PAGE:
The government's rejection of Spark's proposal to use Huawei equipment in its 5G network rollout remains front and centre in the continued hand-wringing around the state of our relationship with China.

Rather than adding to the growing number of opinions on that decision, as an accountant, I prefer to take a practical approach. So, given the current state of affairs, what are the real issues now facing New Zealand companies doing business with China?

Already we have seen a deterioration in the relationship with our largest trading partner and number one export destination. An official article was published in China's People's Daily discouraging tourism to New Zealand, our joint Year of Tourism launch at Te Papa has been postponed and Prime Minister Ardern's visit to Beijing has been put on hold. In addition, the turning back of an Air New Zealand flight to Shanghai, and reported problems for seafood exporter Sanford getting their salmon exports cleared, are two more examples of how the cooling of relations is a cause for concern for Kiwi business.


It is fair to say that there are many rules that exporters doing business with China need to follow. They are largely principle-based and subject to interpretation but China seems to be applying them more strictly at the moment. This may be causing unexpected issues for some New Zealand companies. But this isn't new. Some may recall the difficulties our meat exporters went through in 2013, with customs paperwork requirements causing millions of dollars' worth of meat to be blocked at the border.

So what can New Zealand businesses do in the current environment?

To start, our exporters should take greater care and err on the side of caution. It will be necessary to follow China's rules more carefully, complete documentation more precisely and confirm all transaction details. This could also include the greater use of external assistance.

In addition, Kiwi businesses would be wise to take a more conservative approach to preparing their China business plans. For example, plans to invest in new plant and equipment, or a new product line, with the expectation of increased exports to China should be reviewed. Diversifying business assets in hopes of a high sale price to a Chinese investor may not go so smoothly. And growth in occupancy rates may be lower than predicted, affecting plans for new hiring in the tourism industry. These are just a few examples that could affect us in the short-term.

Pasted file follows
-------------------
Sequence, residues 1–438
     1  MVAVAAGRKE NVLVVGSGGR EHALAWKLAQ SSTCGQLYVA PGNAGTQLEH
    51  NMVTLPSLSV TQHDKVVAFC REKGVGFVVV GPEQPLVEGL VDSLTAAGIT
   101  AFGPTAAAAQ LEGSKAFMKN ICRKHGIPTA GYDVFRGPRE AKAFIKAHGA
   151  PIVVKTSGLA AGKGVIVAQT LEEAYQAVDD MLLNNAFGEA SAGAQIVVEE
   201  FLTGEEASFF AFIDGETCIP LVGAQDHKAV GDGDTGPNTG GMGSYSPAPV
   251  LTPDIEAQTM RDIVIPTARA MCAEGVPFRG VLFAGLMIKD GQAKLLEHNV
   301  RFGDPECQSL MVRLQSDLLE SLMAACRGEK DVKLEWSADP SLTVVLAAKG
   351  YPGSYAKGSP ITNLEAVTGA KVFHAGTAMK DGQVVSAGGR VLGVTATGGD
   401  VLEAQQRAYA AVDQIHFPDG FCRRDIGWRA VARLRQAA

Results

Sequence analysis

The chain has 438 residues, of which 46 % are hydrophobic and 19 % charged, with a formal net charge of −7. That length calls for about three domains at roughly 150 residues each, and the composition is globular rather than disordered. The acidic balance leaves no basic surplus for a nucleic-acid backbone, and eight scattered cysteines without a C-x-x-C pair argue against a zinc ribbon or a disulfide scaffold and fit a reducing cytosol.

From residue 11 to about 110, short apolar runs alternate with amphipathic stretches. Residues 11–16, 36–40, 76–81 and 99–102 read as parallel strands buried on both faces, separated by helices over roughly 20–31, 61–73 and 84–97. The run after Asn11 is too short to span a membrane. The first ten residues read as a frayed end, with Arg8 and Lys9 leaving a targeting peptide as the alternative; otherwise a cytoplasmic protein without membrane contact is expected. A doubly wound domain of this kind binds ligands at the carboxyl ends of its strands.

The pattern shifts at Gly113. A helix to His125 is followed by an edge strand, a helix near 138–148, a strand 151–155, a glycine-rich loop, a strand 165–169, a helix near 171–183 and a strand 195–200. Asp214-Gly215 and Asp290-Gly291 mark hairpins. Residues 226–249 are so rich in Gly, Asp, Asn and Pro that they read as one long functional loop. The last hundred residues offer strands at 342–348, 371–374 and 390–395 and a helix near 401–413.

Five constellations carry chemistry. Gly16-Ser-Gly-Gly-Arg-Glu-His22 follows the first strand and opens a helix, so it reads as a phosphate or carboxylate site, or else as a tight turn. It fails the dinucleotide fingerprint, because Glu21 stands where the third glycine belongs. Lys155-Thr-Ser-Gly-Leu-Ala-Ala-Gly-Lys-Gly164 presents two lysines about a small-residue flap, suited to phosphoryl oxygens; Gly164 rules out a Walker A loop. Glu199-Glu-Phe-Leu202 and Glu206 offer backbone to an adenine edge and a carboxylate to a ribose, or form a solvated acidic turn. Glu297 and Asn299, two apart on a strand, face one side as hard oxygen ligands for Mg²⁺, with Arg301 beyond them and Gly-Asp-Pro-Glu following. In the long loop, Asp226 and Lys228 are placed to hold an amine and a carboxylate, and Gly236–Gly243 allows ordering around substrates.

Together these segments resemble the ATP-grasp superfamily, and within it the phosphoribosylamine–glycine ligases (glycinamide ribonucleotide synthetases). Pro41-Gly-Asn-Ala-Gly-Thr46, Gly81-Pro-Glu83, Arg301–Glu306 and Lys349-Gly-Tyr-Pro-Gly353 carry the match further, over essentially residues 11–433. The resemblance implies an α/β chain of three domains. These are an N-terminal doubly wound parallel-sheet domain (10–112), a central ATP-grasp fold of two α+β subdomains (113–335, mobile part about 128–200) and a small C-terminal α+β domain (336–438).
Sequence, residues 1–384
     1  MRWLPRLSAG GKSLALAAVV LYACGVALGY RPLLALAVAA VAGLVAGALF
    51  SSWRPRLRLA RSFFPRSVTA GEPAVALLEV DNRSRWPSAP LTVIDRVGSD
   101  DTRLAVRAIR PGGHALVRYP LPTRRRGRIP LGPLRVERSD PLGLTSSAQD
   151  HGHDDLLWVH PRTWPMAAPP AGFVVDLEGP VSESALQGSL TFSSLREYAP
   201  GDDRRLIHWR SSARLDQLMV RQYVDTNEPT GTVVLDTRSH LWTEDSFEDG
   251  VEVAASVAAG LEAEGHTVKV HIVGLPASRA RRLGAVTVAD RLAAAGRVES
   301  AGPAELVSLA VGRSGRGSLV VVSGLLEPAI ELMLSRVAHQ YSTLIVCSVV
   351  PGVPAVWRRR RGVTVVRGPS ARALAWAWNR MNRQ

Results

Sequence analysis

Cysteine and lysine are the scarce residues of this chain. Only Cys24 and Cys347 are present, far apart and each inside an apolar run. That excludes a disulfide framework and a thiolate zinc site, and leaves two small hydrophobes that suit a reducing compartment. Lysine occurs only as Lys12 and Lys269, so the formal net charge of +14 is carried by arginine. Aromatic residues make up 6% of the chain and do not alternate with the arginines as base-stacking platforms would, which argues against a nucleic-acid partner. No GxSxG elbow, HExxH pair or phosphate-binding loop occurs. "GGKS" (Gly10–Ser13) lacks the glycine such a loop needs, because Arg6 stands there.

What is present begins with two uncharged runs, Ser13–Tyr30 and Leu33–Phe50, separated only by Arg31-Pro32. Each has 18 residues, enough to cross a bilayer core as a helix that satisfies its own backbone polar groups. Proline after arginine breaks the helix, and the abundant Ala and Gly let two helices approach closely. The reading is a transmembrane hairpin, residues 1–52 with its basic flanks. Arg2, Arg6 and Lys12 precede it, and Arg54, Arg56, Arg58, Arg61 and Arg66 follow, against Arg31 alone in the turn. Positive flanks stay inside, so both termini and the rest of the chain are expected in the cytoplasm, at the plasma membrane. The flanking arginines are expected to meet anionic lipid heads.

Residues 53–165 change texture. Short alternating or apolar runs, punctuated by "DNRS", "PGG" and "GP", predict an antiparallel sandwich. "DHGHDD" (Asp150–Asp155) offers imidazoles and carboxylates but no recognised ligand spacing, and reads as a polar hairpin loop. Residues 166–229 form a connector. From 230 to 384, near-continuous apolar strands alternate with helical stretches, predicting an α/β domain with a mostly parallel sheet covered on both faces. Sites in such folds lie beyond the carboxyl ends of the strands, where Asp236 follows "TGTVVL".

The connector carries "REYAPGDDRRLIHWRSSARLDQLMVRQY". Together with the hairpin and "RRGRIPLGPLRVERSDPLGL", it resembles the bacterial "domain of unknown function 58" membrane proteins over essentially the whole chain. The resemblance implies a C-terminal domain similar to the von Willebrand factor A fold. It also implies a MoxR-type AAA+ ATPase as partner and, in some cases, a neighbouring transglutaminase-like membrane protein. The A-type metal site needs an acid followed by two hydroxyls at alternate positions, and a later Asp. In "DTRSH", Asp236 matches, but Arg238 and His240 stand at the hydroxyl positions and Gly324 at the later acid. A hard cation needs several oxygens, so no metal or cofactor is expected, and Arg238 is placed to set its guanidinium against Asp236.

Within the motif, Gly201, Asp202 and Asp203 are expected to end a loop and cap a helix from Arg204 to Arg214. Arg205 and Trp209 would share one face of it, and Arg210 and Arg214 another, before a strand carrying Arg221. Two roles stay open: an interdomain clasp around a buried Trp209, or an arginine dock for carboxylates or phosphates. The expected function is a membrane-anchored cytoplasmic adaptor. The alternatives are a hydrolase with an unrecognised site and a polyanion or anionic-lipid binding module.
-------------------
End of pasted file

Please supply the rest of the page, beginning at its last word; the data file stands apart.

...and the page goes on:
There are also important cultural differences to keep in mind that may be contributing to the cooling of relations at present. An illustrative example is the different approaches that Chinese and Kiwis take to negotiating contracts. From a Chinese point of view, demonstrating goodwill early in negotiations is an important part of the process, with expectations that this goodwill will be returned in due course. Instead, New Zealanders often maintain a hard-line approach throughout negotiations, thinking it a sign of strength and expecting the same from the other side. This can often lead to a misalignment in expectations.

All relationships come down to managing expectations. And clearly, cultural differences can make this harder. Applying this cultural lens to the Huawei 5G case may shed some new light on the situation. It is likely that Huawei understood it would be difficult for the Government to approve the use of its equipment given today's geopolitical environment. And

therefore they only chose to bid to supply the radio access network (RAN) equipment for Spark's 5G rollout, opting not to bid to supply the core transmission equipment. Could it be that this show of consideration was their way of demonstrating goodwill? And that they were expecting for this show of goodwill to be reciprocated?

The key point here is that Chinese are often willing to start a relationship with goodwill and we need to keep this top of mind with our Chinese counterparts. There is a common understanding that "the Chinese way of doing business" is largely based on relationships. But this should be taken a step further to highlight the importance that Chinese place on "investing in relationships first".


In any case, the Government's recent attempts to turn around any tensions with China including during the Prime Minister's recent visit to Beijing will be welcomed by New Zealand businesses who have a huge stake in this important relationship.

- Jenny Liu is a Deloitte New Zealand tax partner and leader of Deloitte's China Services Group